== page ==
He originated from Langya 琅琊 (modern Jimo 即墨, Shandong) and studied the Confucian Classics in his young years. He was promoted to court gentleman (lang 郎) and then to magistrate (ling 令) of Yunyang 雲陽. Because of his good reputation he was made Commandant-in-ordinary (zhongwei 中尉) of the Prince of Changyi 昌邑, Liu He 劉賀.
Wang Ji several times remonstrated against the Prince who rather liked going to hunt than to care for his territory, but the Prince did not care. When Emperor Zhao 漢昭帝 (r. 87-74 BCE) died, Liu He was made emperor, but because of his irresponsible behaviour, he was demoted by the regents after less than one month of reign. His former officials were all put into jail, among them also Wang Ji. He was the only person was who was spared execution and was instead sentenced to hard labour.
Yet under the reign of Emperor Xuan 漢宣帝 (r. 74-49 BCE), he was released and appointed regional inspector (cishi 刺史) of the province of Yizhou 益州 (modern Sichuan), but he soon withdrew from office because of illness. Later on he was appointed Confucian erudite (boshi 博士) and Grand master of remonstrance (jian dafu 諫大夫).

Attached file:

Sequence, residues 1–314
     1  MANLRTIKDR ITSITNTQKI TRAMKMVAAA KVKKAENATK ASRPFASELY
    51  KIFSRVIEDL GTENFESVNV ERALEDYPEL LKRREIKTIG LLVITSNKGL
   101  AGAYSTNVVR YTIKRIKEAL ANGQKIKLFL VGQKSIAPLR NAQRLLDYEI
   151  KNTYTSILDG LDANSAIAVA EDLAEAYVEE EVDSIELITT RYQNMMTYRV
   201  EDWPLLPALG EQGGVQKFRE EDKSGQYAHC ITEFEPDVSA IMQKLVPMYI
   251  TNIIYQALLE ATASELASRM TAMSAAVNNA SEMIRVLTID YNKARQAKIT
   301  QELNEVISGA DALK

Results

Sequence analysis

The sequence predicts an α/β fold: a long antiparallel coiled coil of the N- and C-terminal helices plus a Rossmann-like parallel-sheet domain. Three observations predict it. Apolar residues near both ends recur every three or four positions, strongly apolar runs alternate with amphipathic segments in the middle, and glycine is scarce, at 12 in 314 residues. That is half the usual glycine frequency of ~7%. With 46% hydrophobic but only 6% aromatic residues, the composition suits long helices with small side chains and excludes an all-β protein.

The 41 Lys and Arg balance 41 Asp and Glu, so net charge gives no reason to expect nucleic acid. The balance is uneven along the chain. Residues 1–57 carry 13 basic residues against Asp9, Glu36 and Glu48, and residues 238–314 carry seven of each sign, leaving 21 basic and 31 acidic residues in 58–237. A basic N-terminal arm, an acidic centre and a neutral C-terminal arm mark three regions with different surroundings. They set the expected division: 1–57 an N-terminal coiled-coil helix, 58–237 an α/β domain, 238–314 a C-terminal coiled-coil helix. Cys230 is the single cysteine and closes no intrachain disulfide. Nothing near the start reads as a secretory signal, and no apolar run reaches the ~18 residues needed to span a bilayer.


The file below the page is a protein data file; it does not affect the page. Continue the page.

Emperor Xuan suffered under the dominance of the kinsmen of the empresses (waiqi 外戚), the families Xu 許, Shi 史 and Wang 王. On the other side, he neglected the memorials of responsible ministers like Wang Ji or Gong Yu 貢禹 who stressed that the general style of the central government had to change and to care for a more benevolent and rational style in the Confucian sense. Wang Ji was very disappointed about the emperors carelessness and retired from office.
When Emperor Yuan 漢元帝 (r. 49-33 BCE) mounted the throne, he was invited for an audience, but died on the way to the capital.